When I arrived at Ganghwa-do Bus Terminal, the tourist information guy was SO helpful. I didn’t really have a plan, but knew of some sites that I wanted to see. I had also just planned to find a jjimjilbang (Korean bath house) to spend the night at. The man instead told me that Bomunsa Temple on Seokmo-do offers overnight temple stays for 10,000won. It wasn’t a traditional temple stay, but rather a mat to sleep on in a communal woman room, with meals (and snores) all included. I took his advice and headed out to catch the ferry to Seokmo-do.

The bus to get to the port took FOR-EVER. Many people take their cars over to Seokmo-do, so the traffic was horrendous. What would typically be a 35-40 minute bus ride took over an hour, at which point I hopped off and walked the rest of the way to the port. When I got to the port there were tons of little shops selling shrimp chips and special ginseng makkoli. A specialty of the island is their dried shrimp, and the seagulls that follow the boat over to Seokmo-do are very greedy when it comes to those shrimp chips!

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Here is the only photo of myself from the weekend. Not much for selfies, but seagulls aplenty!

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I finally made it to Seokmo-do, and had to figure out how to get to the temple. The guy manning the bus stop was a little flippant when faced with my foreign face even when I was speaking Korean, but I met a couple girls on the bus who spoke really good English and chatted me up. They figured out that I’d head out on the same bus as them on their way to the beach.

When I got to Bomunsa, the base of the temple was littered with old town Korea, which made me so happy. Tons of old women hunched over their little shops of bowls of nuts, and ddeok (rice cakes), and dried shrimp. Tons of dirty fingers handing me samples that I didn’t want to be rude and not try in front of them, and tons of samplings of makkoli. I found myself using far more Korean than I typically do living in Seoul, which impressed even myself that I could verbalize things I thought I only really knew how to understand.

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Getting up to Bomunsa is quite a job for the ass and calf muscles. But it’s a really beautiful walk up, and the temple itself is lovely.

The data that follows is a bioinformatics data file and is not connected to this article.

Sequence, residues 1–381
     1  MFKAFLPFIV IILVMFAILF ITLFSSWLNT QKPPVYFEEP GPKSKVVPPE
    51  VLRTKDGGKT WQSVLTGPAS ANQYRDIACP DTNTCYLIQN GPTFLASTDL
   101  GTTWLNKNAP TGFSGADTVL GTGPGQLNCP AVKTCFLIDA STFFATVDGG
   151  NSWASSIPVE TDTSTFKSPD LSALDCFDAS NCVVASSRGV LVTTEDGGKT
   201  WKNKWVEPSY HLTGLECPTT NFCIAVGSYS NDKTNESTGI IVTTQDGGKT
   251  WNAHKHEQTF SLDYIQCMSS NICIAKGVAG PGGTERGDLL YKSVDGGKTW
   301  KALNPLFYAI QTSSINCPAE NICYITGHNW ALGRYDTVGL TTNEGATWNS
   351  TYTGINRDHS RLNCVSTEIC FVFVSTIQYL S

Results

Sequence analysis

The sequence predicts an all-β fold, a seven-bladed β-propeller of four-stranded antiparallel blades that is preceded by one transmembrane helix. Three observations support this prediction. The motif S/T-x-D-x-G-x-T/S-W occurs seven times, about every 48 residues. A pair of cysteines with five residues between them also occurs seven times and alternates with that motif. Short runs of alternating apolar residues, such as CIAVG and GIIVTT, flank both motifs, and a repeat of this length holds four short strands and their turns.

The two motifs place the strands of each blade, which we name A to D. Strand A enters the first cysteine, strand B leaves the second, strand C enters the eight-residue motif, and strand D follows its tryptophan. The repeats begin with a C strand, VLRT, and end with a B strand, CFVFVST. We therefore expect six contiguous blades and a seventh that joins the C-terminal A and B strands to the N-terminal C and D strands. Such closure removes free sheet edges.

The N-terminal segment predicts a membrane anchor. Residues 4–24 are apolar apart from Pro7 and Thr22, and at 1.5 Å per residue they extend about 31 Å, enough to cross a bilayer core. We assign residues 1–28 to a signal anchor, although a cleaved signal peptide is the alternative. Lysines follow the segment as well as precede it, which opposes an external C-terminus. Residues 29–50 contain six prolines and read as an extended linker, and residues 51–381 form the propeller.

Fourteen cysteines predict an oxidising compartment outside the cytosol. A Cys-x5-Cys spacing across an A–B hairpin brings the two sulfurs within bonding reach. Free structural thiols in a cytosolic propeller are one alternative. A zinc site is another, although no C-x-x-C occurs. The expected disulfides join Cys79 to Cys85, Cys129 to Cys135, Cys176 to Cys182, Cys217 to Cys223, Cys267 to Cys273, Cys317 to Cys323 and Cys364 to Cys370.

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What I wanted to see most at Bomunsa were the hundreds of Buddhas! Just as you arrive to the top of the hill to your left is a procession of all these white Buddhas with different faces and expressions. I saw a bunch of people also throwing coins to the big statue in the center, so I’m thinking that’s to make a wish or pray or something.

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The rest of the temple was pretty standard when it comes to Korean temples. Very beautiful, but nothing I haven’t seen before, aside from the massive reclining gold Buddha in one of the temples.

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See that flight of stairs to the right? That leads all the way up to the top of that mountain, where there resides a Buddha carved into the side of the mountain. People who were there on a weekend temple stay were doing their daily prayers with the sea breezing behind them.

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No trip in Korea is complete without a selfie or two, give or take a nice backdrop, or not.

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I was also VERY proud of myself for not pulling a Danielle and plummeting down this flight of stairs during my descent. Pat on the back, me!

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When I successfully landed on flat ground, I checked into the temple for the night and went to eat some dinner before it closed. The dinner was my least favorite Korean food, bibimbap, but I liked knowing that since I was at a temple there was no need to worry about any weird meats finding their way into my bowl.

For my slumber, I was given a mat, blanket and a rectangular pillow that I laid out in the middle of a bunch of ajummas for the night. As the only foreigner, I was quite the attraction amongst these women. There were two sisters that I was sleeping next to, and they showered me with Korean melon, candies and ddeok for days. Through my broken Korean and their broken English, we established that one of the sisters has 2 granddaughters that are half whities and were born in America. She then proceeded to call her granddaughters to have them translate all the burning questions she had for me. She even asked if she could come to my house because “she wants to see how I live.” I had a good laugh about that one with her 7 year old granddaughter, Grace.